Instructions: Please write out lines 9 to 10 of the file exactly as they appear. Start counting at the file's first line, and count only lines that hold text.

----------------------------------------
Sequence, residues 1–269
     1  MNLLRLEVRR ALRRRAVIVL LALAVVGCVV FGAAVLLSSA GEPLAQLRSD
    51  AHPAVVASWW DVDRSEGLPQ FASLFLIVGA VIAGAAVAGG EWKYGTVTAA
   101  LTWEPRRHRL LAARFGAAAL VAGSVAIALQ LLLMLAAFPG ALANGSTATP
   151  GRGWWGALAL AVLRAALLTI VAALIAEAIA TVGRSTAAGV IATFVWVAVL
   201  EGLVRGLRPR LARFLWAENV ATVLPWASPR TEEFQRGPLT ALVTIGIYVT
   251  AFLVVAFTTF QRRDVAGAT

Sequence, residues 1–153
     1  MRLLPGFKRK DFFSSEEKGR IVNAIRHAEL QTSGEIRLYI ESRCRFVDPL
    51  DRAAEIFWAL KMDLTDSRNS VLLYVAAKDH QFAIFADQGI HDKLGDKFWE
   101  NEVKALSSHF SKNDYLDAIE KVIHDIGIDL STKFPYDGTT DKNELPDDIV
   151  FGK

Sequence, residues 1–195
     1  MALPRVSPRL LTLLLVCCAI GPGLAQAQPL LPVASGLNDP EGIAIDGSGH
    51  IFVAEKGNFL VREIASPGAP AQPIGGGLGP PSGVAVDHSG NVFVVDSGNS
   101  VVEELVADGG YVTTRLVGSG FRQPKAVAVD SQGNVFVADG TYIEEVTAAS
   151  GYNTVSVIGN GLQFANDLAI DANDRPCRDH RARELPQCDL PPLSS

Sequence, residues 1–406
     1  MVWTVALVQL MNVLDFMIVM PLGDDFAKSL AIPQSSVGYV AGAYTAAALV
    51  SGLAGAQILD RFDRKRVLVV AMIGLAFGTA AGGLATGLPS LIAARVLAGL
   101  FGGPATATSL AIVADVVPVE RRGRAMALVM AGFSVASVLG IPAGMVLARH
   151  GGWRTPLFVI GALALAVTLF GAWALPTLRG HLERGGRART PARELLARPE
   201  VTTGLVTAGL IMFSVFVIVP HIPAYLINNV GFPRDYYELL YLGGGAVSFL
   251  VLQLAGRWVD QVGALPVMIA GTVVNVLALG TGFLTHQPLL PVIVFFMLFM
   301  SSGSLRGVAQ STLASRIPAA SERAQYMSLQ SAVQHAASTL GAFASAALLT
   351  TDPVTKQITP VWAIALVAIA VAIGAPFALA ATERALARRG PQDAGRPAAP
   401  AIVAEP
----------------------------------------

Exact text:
     1  MRLLPGFKRK DFFSSEEKGR IVNAIRHAEL QTSGEIRLYI ESRCRFVDPL
    51  DRAAEIFWAL KMDLTDSRNS VLLYVAAKDH QFAIFADQGI HDKLGDKFWE